Warranty and Roadside Assistance Coverage: What You Need to Know

Battery warranties for hybrid and electric vehicles:

Battery warranties for conventional hybrid cars, such as the Toyota Prius, and plug-in hybrids, such as the Chevrolet Volt, are straightforward: The primary purpose of a hybrid drive system is to reduce air pollution from the gasoline engine by cutting down on the amount of fuel the car burns. And so batteries and associated equipment are considered part of the overall emissions system. Under federal emissions rules, they must be warrantied for at least eight years or 100,000 miles.

California’s zero-emission vehicle regulations require even more coverage: Hybrids sold in the states covered by California’s mandate must carry a minimum 10-year/150,000-mile warranty on their battery systems. As of this date, the states are Connecticut, Maine, Maryland, Massachusetts, New Jersey, New York, Oregon, Rhode Island and Vermont, according to the California Air Resources Board.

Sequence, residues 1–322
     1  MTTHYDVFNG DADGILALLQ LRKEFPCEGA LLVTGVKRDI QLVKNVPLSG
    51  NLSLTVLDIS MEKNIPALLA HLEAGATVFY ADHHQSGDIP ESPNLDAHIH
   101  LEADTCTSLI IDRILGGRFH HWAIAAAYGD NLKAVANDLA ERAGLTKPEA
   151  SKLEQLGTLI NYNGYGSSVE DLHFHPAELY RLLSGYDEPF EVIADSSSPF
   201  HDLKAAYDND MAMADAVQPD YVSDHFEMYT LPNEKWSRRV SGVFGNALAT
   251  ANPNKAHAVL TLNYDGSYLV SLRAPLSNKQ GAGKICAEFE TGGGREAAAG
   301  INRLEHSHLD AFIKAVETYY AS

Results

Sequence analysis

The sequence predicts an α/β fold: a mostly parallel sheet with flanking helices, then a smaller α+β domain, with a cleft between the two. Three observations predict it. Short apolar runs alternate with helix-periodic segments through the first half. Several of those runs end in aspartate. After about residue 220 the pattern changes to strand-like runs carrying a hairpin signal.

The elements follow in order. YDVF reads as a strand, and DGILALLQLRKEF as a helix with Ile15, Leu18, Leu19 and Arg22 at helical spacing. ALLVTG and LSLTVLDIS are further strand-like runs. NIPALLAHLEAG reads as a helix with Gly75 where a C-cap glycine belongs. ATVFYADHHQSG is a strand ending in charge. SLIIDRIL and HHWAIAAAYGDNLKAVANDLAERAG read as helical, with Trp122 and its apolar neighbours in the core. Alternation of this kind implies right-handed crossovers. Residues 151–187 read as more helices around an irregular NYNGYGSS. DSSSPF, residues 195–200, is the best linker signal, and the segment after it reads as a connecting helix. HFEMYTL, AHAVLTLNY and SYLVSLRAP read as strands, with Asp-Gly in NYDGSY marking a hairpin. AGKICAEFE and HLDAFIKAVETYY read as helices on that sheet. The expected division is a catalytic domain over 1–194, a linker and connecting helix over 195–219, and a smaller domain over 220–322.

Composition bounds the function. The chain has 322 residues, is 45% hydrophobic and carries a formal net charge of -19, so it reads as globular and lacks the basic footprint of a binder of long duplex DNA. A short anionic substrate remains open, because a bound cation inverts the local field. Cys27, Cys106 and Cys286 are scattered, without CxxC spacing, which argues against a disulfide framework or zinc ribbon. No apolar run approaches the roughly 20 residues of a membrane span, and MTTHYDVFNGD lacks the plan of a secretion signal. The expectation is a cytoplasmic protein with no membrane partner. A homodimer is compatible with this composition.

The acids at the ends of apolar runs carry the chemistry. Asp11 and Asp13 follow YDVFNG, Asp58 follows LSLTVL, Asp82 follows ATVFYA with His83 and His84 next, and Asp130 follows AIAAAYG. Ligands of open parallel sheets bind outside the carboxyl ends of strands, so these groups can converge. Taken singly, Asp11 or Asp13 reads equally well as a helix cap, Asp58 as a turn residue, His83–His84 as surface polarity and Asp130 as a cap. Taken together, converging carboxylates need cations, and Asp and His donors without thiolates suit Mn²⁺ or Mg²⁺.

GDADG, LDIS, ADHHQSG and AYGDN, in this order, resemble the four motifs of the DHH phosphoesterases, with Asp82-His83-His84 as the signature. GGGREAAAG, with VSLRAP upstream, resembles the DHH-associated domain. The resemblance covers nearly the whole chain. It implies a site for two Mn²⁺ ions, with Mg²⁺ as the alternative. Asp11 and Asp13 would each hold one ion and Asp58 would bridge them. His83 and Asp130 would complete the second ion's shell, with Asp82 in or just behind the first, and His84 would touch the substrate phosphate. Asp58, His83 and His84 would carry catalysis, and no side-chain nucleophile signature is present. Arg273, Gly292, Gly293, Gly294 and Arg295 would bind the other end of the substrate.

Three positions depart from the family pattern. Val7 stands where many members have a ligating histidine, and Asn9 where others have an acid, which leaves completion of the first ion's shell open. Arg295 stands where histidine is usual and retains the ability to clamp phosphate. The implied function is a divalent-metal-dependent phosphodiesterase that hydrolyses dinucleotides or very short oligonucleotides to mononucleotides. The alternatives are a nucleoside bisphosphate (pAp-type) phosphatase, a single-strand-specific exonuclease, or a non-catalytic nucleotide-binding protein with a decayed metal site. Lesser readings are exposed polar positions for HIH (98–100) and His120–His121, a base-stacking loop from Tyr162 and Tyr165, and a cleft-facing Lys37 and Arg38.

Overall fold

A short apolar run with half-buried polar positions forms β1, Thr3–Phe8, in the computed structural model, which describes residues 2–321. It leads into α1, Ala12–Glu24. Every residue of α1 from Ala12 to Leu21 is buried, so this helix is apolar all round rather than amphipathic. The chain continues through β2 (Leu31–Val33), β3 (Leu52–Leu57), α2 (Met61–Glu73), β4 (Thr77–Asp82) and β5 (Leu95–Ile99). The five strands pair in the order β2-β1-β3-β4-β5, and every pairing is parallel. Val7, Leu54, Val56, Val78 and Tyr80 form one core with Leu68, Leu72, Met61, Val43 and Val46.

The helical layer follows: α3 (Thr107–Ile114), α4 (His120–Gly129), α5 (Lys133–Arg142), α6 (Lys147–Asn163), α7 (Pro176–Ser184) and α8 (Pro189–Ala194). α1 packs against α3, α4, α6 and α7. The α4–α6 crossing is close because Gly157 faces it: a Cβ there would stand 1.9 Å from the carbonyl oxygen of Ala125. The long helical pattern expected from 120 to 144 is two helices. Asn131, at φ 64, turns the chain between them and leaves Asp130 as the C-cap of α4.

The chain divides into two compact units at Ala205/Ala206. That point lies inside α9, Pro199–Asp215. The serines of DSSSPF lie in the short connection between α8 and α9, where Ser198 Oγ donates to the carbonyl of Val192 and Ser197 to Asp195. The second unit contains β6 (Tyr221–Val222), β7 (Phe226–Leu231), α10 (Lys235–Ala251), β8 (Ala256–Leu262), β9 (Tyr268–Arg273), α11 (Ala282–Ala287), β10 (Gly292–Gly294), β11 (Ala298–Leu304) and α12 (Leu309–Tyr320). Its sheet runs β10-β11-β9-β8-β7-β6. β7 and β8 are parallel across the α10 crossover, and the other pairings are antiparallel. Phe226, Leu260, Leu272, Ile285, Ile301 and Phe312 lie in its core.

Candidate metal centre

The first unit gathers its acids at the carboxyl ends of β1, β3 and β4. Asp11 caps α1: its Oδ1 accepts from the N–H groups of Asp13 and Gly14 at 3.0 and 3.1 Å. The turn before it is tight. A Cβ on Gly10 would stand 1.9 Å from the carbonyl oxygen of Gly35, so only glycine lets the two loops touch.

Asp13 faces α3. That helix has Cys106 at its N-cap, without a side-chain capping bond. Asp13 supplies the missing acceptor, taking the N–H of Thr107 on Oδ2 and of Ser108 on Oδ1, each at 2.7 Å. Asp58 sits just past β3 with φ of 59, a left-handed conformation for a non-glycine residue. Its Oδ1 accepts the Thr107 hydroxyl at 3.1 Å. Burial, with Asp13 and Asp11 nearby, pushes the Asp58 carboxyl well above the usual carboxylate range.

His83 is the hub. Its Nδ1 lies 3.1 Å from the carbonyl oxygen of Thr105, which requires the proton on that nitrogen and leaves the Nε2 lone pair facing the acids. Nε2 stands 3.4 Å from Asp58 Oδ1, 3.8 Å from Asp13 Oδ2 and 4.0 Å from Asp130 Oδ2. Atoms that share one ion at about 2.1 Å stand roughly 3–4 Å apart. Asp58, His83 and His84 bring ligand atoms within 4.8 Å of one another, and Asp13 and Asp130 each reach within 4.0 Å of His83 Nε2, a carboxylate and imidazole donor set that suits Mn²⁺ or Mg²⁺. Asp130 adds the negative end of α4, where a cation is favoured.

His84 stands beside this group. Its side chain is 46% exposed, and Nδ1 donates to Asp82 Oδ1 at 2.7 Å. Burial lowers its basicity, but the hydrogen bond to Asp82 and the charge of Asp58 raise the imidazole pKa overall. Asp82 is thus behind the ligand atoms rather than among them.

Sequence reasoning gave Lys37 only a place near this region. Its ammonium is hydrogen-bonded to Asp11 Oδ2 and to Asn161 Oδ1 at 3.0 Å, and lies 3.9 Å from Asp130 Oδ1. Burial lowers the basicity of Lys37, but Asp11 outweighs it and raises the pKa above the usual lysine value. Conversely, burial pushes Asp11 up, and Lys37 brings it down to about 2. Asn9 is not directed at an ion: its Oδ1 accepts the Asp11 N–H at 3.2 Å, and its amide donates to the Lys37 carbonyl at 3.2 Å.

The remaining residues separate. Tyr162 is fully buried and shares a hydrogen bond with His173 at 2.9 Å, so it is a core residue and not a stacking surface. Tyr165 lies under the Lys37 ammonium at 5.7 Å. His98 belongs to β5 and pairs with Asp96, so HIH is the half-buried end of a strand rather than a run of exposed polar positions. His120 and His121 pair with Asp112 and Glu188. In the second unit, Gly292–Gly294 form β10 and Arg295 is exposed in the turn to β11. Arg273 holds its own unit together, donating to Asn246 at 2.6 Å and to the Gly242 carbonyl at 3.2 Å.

In addition to the high-voltage battery packs themselves, the hybrid warranty also covers critical elements such as battery pack cooling system components, battery control modules, the hybrid car’s continuously variable automatic transmission (if equipped with one) and any high-voltage current converters. The parts lists vary by model and manufacturer. Check the owner’s manual for specifics.

For pure battery-electric vehicles, there are no underlying federal or state emissions regulations. But because battery life and reliability are essential to an electric car’s operation, automakers have largely adopted the standard for hybrids: eight years or 100,000 miles on batteries and associated components.

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